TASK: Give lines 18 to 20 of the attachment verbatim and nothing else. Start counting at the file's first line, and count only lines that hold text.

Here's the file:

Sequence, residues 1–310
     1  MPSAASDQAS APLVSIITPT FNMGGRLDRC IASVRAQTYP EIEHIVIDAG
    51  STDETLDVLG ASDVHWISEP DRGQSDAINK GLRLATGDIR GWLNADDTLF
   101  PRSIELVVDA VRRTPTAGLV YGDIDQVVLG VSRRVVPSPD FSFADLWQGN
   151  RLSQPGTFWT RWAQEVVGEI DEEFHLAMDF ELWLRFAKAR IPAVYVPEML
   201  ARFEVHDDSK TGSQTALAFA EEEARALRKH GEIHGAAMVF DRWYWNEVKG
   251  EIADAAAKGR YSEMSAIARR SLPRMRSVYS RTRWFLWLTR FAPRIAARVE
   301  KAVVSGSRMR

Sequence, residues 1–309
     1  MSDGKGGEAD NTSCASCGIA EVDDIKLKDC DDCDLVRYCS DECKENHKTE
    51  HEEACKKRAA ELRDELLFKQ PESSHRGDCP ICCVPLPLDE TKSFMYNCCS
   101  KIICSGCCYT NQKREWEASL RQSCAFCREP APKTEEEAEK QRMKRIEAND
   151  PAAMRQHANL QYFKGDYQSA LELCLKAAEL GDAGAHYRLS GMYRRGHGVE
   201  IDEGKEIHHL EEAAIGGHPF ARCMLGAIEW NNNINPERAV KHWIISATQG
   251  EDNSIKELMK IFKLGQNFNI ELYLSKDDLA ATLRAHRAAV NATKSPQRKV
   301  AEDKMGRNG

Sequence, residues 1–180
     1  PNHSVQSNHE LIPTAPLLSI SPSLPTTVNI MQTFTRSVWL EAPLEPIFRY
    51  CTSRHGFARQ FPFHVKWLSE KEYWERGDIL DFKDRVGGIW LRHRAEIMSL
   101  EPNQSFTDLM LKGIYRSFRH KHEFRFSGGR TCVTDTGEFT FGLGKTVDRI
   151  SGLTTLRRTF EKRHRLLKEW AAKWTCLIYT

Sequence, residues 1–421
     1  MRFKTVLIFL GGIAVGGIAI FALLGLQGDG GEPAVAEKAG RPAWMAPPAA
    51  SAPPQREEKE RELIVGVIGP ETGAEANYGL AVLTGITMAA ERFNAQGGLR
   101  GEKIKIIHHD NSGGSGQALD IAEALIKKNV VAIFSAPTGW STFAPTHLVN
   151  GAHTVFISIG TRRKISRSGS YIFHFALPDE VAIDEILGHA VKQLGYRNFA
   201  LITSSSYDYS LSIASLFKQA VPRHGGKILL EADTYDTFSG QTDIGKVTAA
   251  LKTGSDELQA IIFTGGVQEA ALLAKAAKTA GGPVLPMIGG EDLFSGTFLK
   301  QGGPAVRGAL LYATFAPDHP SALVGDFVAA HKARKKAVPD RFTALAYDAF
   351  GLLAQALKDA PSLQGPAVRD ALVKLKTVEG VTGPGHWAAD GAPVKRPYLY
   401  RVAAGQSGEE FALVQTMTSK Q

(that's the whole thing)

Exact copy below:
     1  PNHSVQSNHE LIPTAPLLSI SPSLPTTVNI MQTFTRSVWL EAPLEPIFRY
    51  CTSRHGFARQ FPFHVKWLSE KEYWERGDIL DFKDRVGGIW LRHRAEIMSL
   101  EPNQSFTDLM LKGIYRSFRH KHEFRFSGGR TCVTDTGEFT FGLGKTVDRI